In 2020, Santos published its first review of industry associations. Despite assessing groups on their recognition of climate science and support for the objective of limiting global temperature rise to less than 2°C, it seemed to be based on policy positions rather than advocacy. Santos omitted any reference to the Australian government’s proposed “gas-fired recovery” from the pandemic, despite heavy lobbying for the proposal by the Australian Petroleum Production and Exploration Association (APPEA) throughout 2020, a policy at odds with the Paris Agreement which would directly benefit Santos.
Santos’ expansion plans
Santos plans to increase production from 89 mmboe to 120 mmboe by 2025-26, through the development of major growth projects including Barossa (FID targeted 1H 2021), Dorado Phase 1 (FID targeted 1H 2022) and Narrabri (FID targeted 1H 2023).
In 2019-20, Santos’ equity share Scope 1 and 2 emissions were 4.1 million tonnes CO2e, an increase of 6% from 2019. Its equity share Scope 3 emissions were 32.9 MtCO2e, an increase of 18% from 2019, due to record production of 89 mmboe, an increase of 18% above 2019.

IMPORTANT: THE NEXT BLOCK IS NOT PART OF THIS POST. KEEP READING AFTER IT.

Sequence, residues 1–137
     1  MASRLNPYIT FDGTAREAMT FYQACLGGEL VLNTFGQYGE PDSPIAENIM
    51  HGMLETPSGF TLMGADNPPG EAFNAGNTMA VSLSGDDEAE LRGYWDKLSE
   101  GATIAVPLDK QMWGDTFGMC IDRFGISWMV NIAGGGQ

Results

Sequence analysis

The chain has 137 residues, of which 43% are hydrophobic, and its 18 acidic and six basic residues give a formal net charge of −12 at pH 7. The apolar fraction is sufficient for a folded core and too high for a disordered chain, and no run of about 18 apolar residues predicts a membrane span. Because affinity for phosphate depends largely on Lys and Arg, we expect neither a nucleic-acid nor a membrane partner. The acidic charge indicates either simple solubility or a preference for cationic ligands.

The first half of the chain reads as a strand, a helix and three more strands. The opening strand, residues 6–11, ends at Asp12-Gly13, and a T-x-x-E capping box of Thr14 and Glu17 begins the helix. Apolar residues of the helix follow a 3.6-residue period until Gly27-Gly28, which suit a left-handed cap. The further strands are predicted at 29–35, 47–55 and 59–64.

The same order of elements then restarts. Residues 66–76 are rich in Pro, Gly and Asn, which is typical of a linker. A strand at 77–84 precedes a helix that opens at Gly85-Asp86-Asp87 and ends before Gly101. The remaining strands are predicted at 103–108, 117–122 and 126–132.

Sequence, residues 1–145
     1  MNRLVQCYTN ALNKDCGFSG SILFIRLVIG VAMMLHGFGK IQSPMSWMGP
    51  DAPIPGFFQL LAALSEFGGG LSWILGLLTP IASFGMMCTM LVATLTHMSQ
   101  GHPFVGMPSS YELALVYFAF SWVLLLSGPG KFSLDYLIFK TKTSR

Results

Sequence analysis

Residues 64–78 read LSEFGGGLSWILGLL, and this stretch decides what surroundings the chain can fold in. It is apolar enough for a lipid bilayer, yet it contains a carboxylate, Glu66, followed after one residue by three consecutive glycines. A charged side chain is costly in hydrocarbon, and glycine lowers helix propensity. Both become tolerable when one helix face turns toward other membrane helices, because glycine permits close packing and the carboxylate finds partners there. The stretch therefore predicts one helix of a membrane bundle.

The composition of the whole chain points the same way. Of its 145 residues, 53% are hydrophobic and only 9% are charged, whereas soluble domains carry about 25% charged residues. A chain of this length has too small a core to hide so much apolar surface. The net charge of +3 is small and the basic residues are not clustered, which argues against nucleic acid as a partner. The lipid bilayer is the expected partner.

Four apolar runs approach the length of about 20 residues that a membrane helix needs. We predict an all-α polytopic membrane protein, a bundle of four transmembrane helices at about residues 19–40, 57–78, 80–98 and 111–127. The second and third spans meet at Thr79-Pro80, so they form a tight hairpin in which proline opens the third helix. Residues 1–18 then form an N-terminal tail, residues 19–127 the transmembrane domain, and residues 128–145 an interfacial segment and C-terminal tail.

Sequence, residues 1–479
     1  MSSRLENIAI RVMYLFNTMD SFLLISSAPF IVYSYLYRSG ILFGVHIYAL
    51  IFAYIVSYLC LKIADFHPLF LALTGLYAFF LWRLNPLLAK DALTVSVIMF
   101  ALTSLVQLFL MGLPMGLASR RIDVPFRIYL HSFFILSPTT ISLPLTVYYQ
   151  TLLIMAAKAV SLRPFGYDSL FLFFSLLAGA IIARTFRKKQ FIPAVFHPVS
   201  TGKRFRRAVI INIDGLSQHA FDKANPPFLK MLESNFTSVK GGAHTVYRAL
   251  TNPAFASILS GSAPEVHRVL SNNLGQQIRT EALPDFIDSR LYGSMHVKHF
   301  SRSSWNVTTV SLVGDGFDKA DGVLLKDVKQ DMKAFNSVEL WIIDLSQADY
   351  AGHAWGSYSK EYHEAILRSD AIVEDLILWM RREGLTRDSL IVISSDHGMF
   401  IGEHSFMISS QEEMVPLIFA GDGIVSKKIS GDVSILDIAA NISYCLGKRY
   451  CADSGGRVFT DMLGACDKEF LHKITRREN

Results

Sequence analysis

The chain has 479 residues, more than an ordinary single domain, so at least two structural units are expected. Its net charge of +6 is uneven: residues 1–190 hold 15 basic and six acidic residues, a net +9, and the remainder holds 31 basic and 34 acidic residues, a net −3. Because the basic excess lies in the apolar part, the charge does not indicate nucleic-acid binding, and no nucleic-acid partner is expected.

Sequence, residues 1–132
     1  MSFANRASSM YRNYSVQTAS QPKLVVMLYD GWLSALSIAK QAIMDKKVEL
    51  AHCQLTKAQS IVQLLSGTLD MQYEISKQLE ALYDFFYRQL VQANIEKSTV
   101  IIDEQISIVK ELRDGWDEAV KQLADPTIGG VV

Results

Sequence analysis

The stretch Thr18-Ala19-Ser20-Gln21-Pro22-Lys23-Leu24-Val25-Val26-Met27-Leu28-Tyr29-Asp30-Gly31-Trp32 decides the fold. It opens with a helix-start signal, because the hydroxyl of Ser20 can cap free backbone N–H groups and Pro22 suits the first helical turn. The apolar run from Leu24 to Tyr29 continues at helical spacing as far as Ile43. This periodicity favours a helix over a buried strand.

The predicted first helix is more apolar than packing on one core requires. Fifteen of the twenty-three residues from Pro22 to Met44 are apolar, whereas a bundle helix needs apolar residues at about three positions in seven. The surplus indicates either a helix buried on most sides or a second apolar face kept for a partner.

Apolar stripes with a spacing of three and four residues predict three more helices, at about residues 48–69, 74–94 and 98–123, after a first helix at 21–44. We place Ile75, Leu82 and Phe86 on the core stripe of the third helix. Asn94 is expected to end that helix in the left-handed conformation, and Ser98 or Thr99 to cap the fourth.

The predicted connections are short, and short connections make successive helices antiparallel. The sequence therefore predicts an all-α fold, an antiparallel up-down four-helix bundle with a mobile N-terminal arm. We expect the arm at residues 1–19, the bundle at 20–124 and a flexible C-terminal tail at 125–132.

Santos’ projected production growth of 35% by 2025-26 would increase its Scope 3 emissions to nearly 33 MtCO2e (see below).
In 2020, Santos recognised net impairments of US$895 million (before tax) mainly related to “revised oil price assumptions”, brought on by the COVID-19 pandemic.
Santos estimates total capital expenditure (capex) on its major growth projects of US$3.6 billion on Barossa, US$2 billion on Dorado Phase 1 and ~US$650 million on Narrabri Phase 1.
Santos estimates total capex for the Moomba carbon capture and storage (CCS) project at US$125-155 million.
Climate Action 100+ Net-Zero Company Benchmark
ACCR has assessed Santos’ existing disclosures against the Climate Action 100+ Net-Zero Company Benchmark Indicators below.